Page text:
HOOVER, Ala. -- Assume Tennessee will be back.
Assume 2005 was an aberration.
Assume a few bad bounces combined with a few bad eggs resulted in the first bowl-less season in Knoxville in 17 years.
|Tennessee's fate in '06 lies on the play of junior QB Erik Ainge. (Getty Images)|
Never assume anything.
Don't forget that a year ago Tennessee was a preseason top five pick, a favorite to win the nation's toughest conference. The crash and burn to 5-6 was loud and significant.
Loud because in this age of parity, Tennessee was the latest power to bite the FieldTurf. Significant because this nosedive was different. Tennessee seemingly had the talent. Last year's seniors were part of a 2002 recruiting class that was ranked second nationally by rivals.com.
Something else was missing.
"Your team gets satisfied or assumes too much," coach Phillip Fulmer said Thursday at SEC preseason media days. "Certainly that was part of our issue last year, whether it was off-the-field issues or guys thinking about the National Football League or guys thinking about being All-American."
Apparently you can't spell "attitude" without UT either. Do the Vols have the right kind this year? Does it matter? Climbing out from under .500 is harder than it seems, especially in the SEC.
Tennessee is the 11th SEC program to finish with a losing record since expansion in 1992 (only Florida has been above .500 all 13 years). Of the previous 10, only two won so much as a division title the year after having a losing record (Arkansas in 1995 and Auburn in 2000).
The two schools to rebound the quickest from losing seasons to an SEC title since '92 were LSU in 2001 and Alabama in 1999. Each took two seasons.
It took Georgia six years between a losing season and winning it all (1996-2002). Auburn took five years between 5-6 in 1999 and 13-0 in 2004.
So where does that leave Tennessee?
"That is very, very tough when you fall behind," said Arkansas' Houston Nutt who has finished no higher than third in the SEC West since 2002, "With recruiting the way it is, it's hard to get back."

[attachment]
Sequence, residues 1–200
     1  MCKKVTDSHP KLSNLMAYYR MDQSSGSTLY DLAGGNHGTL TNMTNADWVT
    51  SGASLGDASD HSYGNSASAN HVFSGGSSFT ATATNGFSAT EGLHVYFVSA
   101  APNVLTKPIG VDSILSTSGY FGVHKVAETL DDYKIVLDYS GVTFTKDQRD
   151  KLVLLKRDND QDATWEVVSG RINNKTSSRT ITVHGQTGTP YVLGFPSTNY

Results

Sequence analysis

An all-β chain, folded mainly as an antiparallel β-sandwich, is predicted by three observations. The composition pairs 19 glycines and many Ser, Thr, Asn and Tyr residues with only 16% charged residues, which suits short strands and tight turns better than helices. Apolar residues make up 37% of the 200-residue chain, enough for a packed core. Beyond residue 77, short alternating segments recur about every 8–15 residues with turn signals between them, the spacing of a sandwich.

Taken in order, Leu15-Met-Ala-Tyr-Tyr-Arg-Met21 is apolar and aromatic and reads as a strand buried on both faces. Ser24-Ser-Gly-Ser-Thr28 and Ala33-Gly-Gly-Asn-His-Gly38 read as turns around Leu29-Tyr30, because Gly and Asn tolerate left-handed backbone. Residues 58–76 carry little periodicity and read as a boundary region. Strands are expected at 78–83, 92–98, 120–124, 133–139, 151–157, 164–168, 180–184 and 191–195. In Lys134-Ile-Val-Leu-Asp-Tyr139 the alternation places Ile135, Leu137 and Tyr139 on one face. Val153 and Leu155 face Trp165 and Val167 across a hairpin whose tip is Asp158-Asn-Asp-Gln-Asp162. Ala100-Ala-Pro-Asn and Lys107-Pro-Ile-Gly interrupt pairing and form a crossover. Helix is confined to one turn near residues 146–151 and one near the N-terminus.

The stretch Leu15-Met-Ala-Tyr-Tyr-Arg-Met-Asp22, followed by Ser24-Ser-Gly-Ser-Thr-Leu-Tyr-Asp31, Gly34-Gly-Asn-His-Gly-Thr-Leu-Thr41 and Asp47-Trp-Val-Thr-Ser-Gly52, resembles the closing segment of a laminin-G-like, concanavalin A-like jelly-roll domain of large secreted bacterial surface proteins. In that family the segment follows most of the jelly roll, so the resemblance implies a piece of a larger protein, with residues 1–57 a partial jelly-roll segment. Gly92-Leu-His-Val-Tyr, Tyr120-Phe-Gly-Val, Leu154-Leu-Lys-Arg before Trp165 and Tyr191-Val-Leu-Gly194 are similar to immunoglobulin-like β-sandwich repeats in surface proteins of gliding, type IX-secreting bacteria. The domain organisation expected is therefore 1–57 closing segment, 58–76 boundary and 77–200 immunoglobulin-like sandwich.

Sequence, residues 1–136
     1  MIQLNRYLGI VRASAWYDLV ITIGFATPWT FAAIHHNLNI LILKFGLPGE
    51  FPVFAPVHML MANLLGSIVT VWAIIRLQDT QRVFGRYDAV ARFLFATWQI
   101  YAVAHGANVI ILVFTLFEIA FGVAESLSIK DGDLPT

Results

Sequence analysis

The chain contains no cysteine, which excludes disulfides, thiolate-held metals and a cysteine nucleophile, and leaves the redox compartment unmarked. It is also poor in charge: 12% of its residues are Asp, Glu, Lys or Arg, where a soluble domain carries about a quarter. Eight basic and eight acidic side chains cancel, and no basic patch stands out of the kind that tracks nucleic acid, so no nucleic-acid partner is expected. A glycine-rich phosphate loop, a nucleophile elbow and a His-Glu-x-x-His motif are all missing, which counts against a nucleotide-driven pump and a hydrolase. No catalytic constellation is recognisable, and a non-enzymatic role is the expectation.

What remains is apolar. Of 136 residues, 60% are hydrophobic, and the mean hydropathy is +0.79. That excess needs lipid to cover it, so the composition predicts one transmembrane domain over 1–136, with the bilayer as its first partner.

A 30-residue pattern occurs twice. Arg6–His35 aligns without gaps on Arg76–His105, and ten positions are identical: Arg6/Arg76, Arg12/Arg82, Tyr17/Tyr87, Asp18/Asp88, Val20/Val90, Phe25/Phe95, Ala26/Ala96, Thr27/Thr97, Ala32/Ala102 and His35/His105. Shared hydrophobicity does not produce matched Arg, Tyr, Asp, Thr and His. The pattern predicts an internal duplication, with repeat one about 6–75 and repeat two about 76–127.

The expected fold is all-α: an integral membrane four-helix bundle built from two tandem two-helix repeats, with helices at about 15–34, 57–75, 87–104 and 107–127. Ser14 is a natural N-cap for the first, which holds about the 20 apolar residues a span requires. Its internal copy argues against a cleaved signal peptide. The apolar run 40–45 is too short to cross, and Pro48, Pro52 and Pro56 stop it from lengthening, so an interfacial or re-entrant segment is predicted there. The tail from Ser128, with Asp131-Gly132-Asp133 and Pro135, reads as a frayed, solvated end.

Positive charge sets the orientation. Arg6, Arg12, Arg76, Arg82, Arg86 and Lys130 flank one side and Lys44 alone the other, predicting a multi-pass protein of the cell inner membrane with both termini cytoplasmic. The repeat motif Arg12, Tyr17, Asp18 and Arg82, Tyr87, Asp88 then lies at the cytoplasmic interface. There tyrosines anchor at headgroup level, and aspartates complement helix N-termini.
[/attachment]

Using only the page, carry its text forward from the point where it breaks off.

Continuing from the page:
Yeah, but this is Tennessee, right? It's impervious to parity. That's what they said at Nebraska, USC, even Alabama. The worst thing to do is to assume an immediate turnaround.
There's that word again.
Here are the key points to consider when assuming anything about Tennessee this season:
Common sense: By any reasonable measure, Tennessee comes into '06 as the fifth-best team in the SEC, third-best in its division.
LSU, Auburn, Georgia and Florida are going to be ranked, all most likely in the top 15. Tennessee plays three of the four -- Florida and LSU at home, Georgia on the road.
Fulmer has lost eight of his 12 meetings against the four. That represents almost half of UT's losses since 2002 (eight of 17).
Just a couple of plays away: That seems to be mantra in Knoxville. Tennessee lost three games by a total of eight points last year to Alabama, South Carolina and Vanderbilt.
Bad breaks at the wrong time, like Cory Anderson's fumble that sailed out of the end zone against the Tide.
The larger point is that Tennessee never loses to South Carolina and Vanderbilt. And by "never" we mean 23 years since Vandy won and 13 years since the Gamecocks won.